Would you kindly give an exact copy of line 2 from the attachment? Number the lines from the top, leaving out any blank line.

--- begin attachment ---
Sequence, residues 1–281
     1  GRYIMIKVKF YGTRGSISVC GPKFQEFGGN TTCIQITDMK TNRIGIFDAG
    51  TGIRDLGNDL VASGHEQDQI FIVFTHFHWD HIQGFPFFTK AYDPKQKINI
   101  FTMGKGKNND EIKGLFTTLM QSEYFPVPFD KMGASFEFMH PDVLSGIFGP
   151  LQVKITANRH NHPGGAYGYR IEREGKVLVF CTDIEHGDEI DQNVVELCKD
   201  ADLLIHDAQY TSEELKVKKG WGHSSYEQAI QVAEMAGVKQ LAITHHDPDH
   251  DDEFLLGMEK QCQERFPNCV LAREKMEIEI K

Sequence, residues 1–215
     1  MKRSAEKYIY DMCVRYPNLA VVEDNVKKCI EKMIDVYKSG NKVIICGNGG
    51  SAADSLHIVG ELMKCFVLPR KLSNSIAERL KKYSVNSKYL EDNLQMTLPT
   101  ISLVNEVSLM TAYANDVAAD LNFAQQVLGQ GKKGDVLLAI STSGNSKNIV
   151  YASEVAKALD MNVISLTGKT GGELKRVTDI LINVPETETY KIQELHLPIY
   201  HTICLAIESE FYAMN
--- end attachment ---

     1  GRYIMIKVKF YGTRGSISVC GPKFQEFGGN TTCIQITDMK TNRIGIFDAG